Where does the environmental monitoring you collect go?
We document all of our mobile-monitoring data, and update it on the LMCCC website (www.lowermanhattan.info), so people can have access to the actual data. For example, there’s construction work going on the Brooklyn Bridge. Some local residents contacted us one morning to say there was something noisy there the middle of the night. So we monitored the night work for noise and found that around 11 o’clock there were some really high noises that could have been from jack hammering or generators. So we documented it [and compared it to the baseline data], and Tom sent it to the DEC (New York State Department of Environmental Conservation).
Are there certain areas where there is more of a dust problem than a noise problem?
It depends on the site, but mostly we find more noise issues than dust. And a lot of projects are pretty good about the dust. Like with the WTC site, the foundations are (mostly) done now, and the superstructure doesn’t really cause that much dust. Two or three years ago you would have found a lot more dust issues than today. Also, every month we have a list of the equipment at the WTC site. Most comply with (the LMCCC’s Environmental Performance Commitments) because they’ve been retrofitted to reduce noise and emissions, like using low-sulfur diesel fuel. But at sites where we still have issues, we make sure if we see equipment that is not retrofitted and it’s making loud noise that we talk the site managers.
How does mobile monitoring compare with stationary monitors?
Stationary monitors are usually just for the dust and not for the noise. We have four stations, and for example, if the one on Catherine Street, close to Brooklyn Bridge, collects any sort of elevated activity we usually go out there and check with our mobile equipment. Then we can tell if higher dust readings might be from wind gusts and from what direction it’s coming that might be affecting that particular area.
When you get an elevated reading what are the steps that follow?
First we try to find out what is causing the elevated noise or dust level. We take pictures and document whatever we think is the cause of the dust or noise is, and we share it with Tom and the DEC. Usually we try to approach site personnel or a supervisor, and they’re pretty good with resolving the issue. If the problem is dust, we ask them to spray it down with water, first and foremost, including muddy tires on delivery trucks, to help contain the dust level. And we’ll stay there longer to monitor after that. Also the city will send additional street sweepers to help [reduce dust].
How much time each day do you spend walking around?
A lot of sites. As I said we have about 50 sites south of Canal Street and we have to monitor all of them every month. So it’s not like if I do one site one day I’m done. There also might be one site I have to visit three times a day, like the WTC. But it depends if there are any special activities going on, and whether I have to check a site in the morning, afternoon or evening. Then I come back to the office and enter it all electronically. If there were any exceedances I’ll make a report of noise and dust reading data to share with Tom and the project’s manager. I’ll usually inform everyone as quickly as possible if it’s an elevated level.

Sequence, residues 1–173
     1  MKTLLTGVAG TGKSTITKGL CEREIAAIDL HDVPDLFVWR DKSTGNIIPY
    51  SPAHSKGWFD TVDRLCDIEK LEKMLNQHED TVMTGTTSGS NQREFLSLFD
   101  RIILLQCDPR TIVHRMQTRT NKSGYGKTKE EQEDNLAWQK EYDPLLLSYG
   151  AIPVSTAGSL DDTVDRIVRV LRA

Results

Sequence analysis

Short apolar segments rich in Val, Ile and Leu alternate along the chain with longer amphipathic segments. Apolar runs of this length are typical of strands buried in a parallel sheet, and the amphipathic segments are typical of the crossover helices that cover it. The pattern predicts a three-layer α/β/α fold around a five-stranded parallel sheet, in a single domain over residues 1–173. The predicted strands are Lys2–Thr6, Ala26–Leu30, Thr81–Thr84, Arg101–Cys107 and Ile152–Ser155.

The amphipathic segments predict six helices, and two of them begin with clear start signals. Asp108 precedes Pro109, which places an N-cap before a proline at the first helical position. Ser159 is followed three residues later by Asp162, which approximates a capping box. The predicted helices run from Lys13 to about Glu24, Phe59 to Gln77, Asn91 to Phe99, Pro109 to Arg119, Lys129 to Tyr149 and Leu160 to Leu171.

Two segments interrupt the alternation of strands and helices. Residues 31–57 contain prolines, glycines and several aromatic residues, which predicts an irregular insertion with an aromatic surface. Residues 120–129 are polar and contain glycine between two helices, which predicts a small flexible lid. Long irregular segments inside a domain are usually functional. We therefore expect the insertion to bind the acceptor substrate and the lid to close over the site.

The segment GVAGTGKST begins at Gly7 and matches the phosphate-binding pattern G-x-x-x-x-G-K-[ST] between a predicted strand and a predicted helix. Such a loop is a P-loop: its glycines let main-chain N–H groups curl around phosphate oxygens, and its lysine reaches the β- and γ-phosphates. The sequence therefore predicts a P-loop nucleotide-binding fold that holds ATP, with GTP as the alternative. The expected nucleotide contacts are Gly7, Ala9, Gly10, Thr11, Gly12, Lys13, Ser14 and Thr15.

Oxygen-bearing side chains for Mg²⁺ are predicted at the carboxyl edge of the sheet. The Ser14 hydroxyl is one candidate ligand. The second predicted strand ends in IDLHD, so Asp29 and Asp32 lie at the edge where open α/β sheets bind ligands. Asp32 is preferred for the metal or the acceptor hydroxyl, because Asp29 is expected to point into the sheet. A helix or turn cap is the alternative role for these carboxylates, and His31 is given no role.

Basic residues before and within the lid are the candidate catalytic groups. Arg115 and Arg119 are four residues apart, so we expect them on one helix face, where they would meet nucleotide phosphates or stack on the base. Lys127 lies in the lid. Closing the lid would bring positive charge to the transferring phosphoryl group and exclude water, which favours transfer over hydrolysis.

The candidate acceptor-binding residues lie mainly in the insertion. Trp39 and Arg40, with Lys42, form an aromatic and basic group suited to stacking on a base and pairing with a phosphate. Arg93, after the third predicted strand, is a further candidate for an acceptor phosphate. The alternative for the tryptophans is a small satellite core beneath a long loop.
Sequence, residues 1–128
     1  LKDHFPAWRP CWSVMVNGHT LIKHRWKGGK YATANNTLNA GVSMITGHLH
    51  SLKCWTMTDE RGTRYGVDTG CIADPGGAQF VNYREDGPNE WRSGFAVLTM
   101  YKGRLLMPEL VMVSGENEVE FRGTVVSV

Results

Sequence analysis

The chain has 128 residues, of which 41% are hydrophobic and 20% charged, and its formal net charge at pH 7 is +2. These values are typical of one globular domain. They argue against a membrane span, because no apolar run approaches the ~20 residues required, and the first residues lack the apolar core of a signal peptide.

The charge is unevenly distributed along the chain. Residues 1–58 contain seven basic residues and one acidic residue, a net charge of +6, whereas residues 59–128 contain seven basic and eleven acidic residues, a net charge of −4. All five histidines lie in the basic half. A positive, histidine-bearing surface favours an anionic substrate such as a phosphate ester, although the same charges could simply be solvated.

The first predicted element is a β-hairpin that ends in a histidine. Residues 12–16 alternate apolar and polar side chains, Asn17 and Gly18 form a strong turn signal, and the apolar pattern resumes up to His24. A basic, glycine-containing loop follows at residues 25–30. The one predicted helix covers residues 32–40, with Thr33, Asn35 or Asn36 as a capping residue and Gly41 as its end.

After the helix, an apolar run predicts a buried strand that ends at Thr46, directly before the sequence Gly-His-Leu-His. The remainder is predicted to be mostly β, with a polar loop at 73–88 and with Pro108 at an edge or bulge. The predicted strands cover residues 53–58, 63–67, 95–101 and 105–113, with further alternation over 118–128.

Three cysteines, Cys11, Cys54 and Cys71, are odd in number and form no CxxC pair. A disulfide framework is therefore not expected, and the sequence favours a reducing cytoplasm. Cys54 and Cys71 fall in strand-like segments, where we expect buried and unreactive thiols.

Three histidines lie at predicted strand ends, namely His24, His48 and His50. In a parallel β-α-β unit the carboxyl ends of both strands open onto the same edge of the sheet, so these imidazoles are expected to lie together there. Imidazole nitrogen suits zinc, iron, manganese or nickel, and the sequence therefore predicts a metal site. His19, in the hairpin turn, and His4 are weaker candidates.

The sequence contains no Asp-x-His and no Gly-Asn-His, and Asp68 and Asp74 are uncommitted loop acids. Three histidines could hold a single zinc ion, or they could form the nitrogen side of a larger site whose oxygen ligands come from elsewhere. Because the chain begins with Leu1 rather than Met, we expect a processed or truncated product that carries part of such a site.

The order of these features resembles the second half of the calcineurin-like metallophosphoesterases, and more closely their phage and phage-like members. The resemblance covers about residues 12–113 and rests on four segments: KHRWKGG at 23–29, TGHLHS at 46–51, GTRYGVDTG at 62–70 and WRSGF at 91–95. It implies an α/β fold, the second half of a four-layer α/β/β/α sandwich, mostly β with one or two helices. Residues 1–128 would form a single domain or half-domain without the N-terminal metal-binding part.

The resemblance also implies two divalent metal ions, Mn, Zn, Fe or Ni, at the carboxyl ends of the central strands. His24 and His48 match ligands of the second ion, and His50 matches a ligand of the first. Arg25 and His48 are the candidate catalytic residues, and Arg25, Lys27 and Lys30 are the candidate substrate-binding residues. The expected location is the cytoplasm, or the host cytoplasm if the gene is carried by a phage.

What are the loudest sounds you’ve encountered?
|Approximately 50 sites are regularly monitored
At the Vehicular Security Center that’s part of the WTC, they were doing some excavation. There is a residential building at 90 West Street, and there were a lot of complaints a few months back. We had come noise readings close to 100, which is pretty high, mostly due to the hoe-ramming (to break up and remove rock). The loudest thing usually is jack hammering, especially if they’re the old jackhammers that haven’t been retrofitted. There is the option to use rock blasting, but then blasting [may increase] the dust.
Has the Greenwich South area changed now that the WTC Memorial plaza is open?
Since they opened the Memorial, we could see a little bit of higher noise readings -- but mostly just from people’s conversations, so it’s pretty good. But the noise fluctuates a lot. There were some construction activities on Washington Street so it used to be pretty loud, but now they’re working on the other side [of the block].
Are you monitoring Occupy Wall Street noise at Zuccotti Park?
Yes, we’ll add new locations as needed. For Occupy Wall Street, we usually do the monitoring when they’re playing musical instruments. They can be pretty loud when they’re playing and it might exceed 85 dB, and there might be complaints, so we just keep a record. Really it has nothing to do with construction, and we have no authority over that as a public event. As for more construction sites, for example there is a new project on Nassau Street. They’re going to start with piles and so I’m adding that to make sure we follow it for dust and noise.
What’s your favorite part of your job?
I get to learn a lot of different, new things, and I interact with more people. For me it’s exciting to find out what they’re doing actually [at the different work sites], with so many different projects going on. For example, Brooklyn Bridge, what they’re doing over there is totally different than what they’re doing at WTC, so it’s something exciting.